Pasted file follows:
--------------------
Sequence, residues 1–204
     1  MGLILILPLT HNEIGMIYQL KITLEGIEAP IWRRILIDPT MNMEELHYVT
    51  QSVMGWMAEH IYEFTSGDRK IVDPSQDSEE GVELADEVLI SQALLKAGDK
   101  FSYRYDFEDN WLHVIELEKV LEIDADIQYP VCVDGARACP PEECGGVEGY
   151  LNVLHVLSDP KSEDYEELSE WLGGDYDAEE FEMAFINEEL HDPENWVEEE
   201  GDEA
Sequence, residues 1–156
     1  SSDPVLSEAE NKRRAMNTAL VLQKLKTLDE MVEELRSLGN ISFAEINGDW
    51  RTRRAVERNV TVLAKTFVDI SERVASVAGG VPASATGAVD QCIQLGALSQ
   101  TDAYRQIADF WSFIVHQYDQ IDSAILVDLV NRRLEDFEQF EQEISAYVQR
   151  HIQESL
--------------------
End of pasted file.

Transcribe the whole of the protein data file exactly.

Sequence, residues 1–204
     1  MGLILILPLT HNEIGMIYQL KITLEGIEAP IWRRILIDPT MNMEELHYVT
    51  QSVMGWMAEH IYEFTSGDRK IVDPSQDSEE GVELADEVLI SQALLKAGDK
   101  FSYRYDFEDN WLHVIELEKV LEIDADIQYP VCVDGARACP PEECGGVEGY
   151  LNVLHVLSDP KSEDYEELSE WLGGDYDAEE FEMAFINEEL HDPENWVEEE
   201  GDEA
Sequence, residues 1–156
     1  SSDPVLSEAE NKRRAMNTAL VLQKLKTLDE MVEELRSLGN ISFAEINGDW
    51  RTRRAVERNV TVLAKTFVDI SERVASVAGG VPASATGAVD QCIQLGALSQ
   101  TDAYRQIADF WSFIVHQYDQ IDSAILVDLV NRRLEDFEQF EQEISAYVQR
   151  HIQESL